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CORRECTION TO THIS ARTICLE:
An earlier version of this article incorrectly stated that 2016's commencement will be MIT's 150th commencement. According to the MIT News Office (http://news.mit.edu/2015/actor-filmmaker-matt-damon-2016-commencement-speaker-1210), it will actually be MIT's 139th commencement.

Bill Ingalls

Matt Damon at the world premier of The Martian in Toronto.

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Actor and filmmaker Matt Damon will be the commencement speaker for the Class of 2016, MIT announced Thursday.

At MIT’s 139th commencement this June, he will become the first entertainer in 17 years to give the keynote address, and the first speaker in six years from a non-science background.

“I am humbled and thrilled by this invitation,” Damon told the MIT News Office. “I feel a deep affinity for MIT having grown up in the neighborhood. It’s quite an honor to be the commencement speaker at a school that I couldn’t have gotten into.”

Damon attended Harvard University, where he wrote the first draft of what would become his breakout film, Good Will Hunting. The Cambridge-born actor starred as the film’s title character, a self-taught genius who works as a janitor at MIT, and whose brilliance is discovered after he solves a challenging problem in algebraic graph theory.

Recently, Damon starred in The Martian, which was released last October and had grossed $573 million as of Dec. 6. In the film, Damon plays astronaut Mark Watney, who is forced to survive on Mars after a NASA mission leaves him behind.

Throughout his career, Damon has been nominated for six Golden Globe Awards. Good Will Hunting, which Damon co-wrote, won an Academy Award for Best Original Screenplay, and Damon received a nomination for Best Actor.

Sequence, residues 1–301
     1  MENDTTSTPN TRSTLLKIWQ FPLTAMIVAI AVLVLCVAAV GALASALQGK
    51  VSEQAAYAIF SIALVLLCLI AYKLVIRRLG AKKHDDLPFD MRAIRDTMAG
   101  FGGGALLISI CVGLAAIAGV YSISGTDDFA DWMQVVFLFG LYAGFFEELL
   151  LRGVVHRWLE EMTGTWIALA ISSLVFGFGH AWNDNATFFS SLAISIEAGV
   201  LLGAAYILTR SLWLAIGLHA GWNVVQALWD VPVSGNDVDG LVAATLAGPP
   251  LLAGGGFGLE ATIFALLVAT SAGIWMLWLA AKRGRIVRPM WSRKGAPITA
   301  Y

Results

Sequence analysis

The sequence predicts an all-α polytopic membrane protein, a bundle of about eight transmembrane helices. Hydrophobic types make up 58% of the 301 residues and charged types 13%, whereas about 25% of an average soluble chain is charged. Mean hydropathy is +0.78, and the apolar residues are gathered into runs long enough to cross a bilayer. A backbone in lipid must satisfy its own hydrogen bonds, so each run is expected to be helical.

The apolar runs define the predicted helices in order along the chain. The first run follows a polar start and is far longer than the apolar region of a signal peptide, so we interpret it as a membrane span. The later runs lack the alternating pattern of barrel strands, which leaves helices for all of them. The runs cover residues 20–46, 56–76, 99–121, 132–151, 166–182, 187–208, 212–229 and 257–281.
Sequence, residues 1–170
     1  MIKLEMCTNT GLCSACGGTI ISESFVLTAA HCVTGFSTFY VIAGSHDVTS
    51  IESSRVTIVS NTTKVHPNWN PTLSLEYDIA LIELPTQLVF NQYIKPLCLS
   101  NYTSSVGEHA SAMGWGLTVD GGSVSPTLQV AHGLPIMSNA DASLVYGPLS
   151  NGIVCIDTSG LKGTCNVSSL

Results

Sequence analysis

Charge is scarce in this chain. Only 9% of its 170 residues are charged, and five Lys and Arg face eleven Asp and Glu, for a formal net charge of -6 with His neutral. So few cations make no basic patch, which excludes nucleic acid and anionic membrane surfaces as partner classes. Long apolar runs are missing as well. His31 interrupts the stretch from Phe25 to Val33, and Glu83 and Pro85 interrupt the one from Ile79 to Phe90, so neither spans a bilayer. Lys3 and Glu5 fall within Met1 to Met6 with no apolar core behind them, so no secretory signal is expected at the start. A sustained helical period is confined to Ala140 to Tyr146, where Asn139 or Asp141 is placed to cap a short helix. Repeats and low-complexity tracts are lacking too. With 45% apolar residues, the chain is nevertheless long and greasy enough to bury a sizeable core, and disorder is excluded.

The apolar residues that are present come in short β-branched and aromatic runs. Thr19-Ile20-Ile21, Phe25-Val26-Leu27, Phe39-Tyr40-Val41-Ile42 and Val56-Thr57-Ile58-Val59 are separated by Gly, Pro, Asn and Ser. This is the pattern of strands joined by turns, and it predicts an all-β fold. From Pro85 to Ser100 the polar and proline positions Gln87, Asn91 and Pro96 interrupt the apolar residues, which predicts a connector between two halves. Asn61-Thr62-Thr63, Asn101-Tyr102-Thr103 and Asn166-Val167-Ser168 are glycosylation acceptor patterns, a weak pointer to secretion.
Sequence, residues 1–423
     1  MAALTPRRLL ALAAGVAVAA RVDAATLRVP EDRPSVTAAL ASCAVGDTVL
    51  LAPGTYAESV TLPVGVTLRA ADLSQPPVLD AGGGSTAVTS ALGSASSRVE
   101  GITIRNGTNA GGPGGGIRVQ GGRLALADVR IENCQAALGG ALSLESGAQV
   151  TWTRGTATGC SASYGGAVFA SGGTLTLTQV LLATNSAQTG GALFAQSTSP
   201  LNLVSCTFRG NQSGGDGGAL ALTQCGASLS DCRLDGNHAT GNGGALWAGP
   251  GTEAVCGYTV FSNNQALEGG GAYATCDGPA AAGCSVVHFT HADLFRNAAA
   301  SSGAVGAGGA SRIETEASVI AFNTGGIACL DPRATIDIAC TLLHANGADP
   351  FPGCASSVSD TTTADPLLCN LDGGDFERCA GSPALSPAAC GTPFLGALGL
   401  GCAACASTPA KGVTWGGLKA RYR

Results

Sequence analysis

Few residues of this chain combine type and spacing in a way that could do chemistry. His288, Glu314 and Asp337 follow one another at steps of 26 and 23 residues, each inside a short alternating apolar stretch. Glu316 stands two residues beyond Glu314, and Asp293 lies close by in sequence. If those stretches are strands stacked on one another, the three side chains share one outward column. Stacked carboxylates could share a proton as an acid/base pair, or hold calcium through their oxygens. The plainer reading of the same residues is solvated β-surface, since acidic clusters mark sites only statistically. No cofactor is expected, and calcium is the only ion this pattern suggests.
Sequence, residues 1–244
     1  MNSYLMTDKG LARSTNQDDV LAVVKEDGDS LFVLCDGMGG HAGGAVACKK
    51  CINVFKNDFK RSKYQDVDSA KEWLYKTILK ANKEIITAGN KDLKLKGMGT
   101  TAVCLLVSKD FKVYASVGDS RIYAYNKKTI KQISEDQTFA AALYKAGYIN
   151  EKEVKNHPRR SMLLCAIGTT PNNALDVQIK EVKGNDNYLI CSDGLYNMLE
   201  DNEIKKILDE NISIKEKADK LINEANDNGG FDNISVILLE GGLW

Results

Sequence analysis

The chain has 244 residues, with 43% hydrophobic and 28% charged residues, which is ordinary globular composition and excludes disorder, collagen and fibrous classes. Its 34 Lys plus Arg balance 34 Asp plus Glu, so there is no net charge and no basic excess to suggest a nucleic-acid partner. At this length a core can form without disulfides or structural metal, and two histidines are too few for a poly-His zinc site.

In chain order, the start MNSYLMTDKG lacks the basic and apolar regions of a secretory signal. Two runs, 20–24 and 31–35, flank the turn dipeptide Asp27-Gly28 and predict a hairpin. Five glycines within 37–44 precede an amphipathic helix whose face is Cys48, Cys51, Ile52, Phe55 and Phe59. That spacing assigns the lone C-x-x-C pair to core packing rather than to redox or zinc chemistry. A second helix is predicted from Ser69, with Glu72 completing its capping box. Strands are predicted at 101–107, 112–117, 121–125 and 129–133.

In 2006, Damon embarked on a humanitarian mission, co-founding the H20 Africa Foundation to advocate and raise money for clean water initiatives in Africa. The foundation later merged with WaterPartners to become Water.org, and now provides microfinance loans to people in developing communities to help them gain access to safe water and sanitation.

Along with actors George Clooney, Brad Pitt, and others, Damon co-founded international aid organization Not on Our Watch to bring global attention to human rights violations.

“Mr. Damon couples a passion for his art with a passion for making the world a better place, much as our students couple a passion for science and technology with a passion to improve the world,” Eric Grimson, chair of the Commencement Committee, told the MIT News Office. “I am sure his message will inspire our students to follow that passion and tackle some of the world’s great challenges, such as in water, health, or education.”

Damon is “an inspiration to MIT students, teaching us that humility knows no bounds,” Anish Punjabi, president of the Class of 2016, said in a statement. “The world needs more well-rounded leaders who are passionate about improving society through one genuine act of kindness at a time.”

The most recent commencement speakers have included U.S. Chief Technology Officer Megan Smith ’86, DuPont CEO Ellen Kullman, Dropbox founder Drew W. Houston ’05, and Salman A. Khan ’98, founder of Khan Academy.

Past commencement speakers

2015 — Megan Smith ’86, United States chief technology officer

2014 — Ellen Kullman, CEO and chairwoman of DuPont

2013 — Drew W. Houston ’05, CEO and founder of Dropbox

2012 — Salman A. Khan ’98, founder of Khan Academy

2011 — Ursula M. Burns, CEO of Xerox

2010 — Raymond S. Stata ’57, founder of Analog Devices

2009 — Deval Patrick, governor of Massachusetts

2008 — Muhammad Yunus, 2006 Nobel Peace Prize winner

2007 — Charles M. Vest, former president of MIT

2006 — Ben S. Bernanke PhD ’79, chairman of the Federal Reserve

2005 — Irwin M. Jacobs ’57, co-founder/chairman/CEO of Qualcomm

2004 — Elias Zerhouni, director of NIH

2003 — George Mitchell, former United States senator

2002 — James Wolfensohn, president of the World Bank

2001 — Daniel Goldin, NASA Administrator

2000 — Carly Fiorina SM ’89, president and CEO of Hewlett-Packard

1999 — Tom ’58 and Ray Magliozzi ’72, hosts of NPR’s “Car Talk”

1998 — Bill Clinton, United States president, and David Ho, director of Aaron Diamond AIDS Research Center

1997 — Kofi Annan SM ’72, United Nations secretary-general

1996 — Albert Gore, United States vice president

1995 — Hanna H. Gray, president emeritus of the University of Chicago

1994 — Karim Aga Khan IV, spiritual leader of the Shia Ismaili Muslims

1993 — Carlos Salinas de Gortari, president of Mexico

1992 — Leslie Aspin PhD ’66, congressman from Wisconsin, chairman of the House Armed Services Committee

1991 — Walter E. Massey, director of the National Science Foundation

1990 — Virgilio Barco ’43, president of Colombia